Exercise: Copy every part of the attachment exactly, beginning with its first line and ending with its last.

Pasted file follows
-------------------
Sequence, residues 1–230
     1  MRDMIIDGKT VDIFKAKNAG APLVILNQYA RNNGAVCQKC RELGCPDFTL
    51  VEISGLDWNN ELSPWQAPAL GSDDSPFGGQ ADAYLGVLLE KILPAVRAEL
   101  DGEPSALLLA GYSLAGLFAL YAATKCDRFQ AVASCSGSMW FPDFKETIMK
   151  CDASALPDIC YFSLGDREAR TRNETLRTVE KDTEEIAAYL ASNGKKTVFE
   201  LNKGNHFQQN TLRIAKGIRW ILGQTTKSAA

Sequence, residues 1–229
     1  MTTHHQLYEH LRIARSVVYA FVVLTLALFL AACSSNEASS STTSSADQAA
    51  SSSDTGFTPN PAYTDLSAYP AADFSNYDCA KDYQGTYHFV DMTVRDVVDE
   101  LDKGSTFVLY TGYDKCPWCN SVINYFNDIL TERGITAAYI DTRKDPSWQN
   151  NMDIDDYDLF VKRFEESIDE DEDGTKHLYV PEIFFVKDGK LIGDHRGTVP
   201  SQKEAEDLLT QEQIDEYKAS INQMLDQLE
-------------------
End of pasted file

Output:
Sequence, residues 1–230
     1  MRDMIIDGKT VDIFKAKNAG APLVILNQYA RNNGAVCQKC RELGCPDFTL
    51  VEISGLDWNN ELSPWQAPAL GSDDSPFGGQ ADAYLGVLLE KILPAVRAEL
   101  DGEPSALLLA GYSLAGLFAL YAATKCDRFQ AVASCSGSMW FPDFKETIMK
   151  CDASALPDIC YFSLGDREAR TRNETLRTVE KDTEEIAAYL ASNGKKTVFE
   201  LNKGNHFQQN TLRIAKGIRW ILGQTTKSAA

Sequence, residues 1–229
     1  MTTHHQLYEH LRIARSVVYA FVVLTLALFL AACSSNEASS STTSSADQAA
    51  SSSDTGFTPN PAYTDLSAYP AADFSNYDCA KDYQGTYHFV DMTVRDVVDE
   101  LDKGSTFVLY TGYDKCPWCN SVINYFNDIL TERGITAAYI DTRKDPSWQN
   151  NMDIDDYDLF VKRFEESIDE DEDGTKHLYV PEIFFVKDGK LIGDHRGTVP
   201  SQKEAEDLLT QEQIDEYKAS INQMLDQLE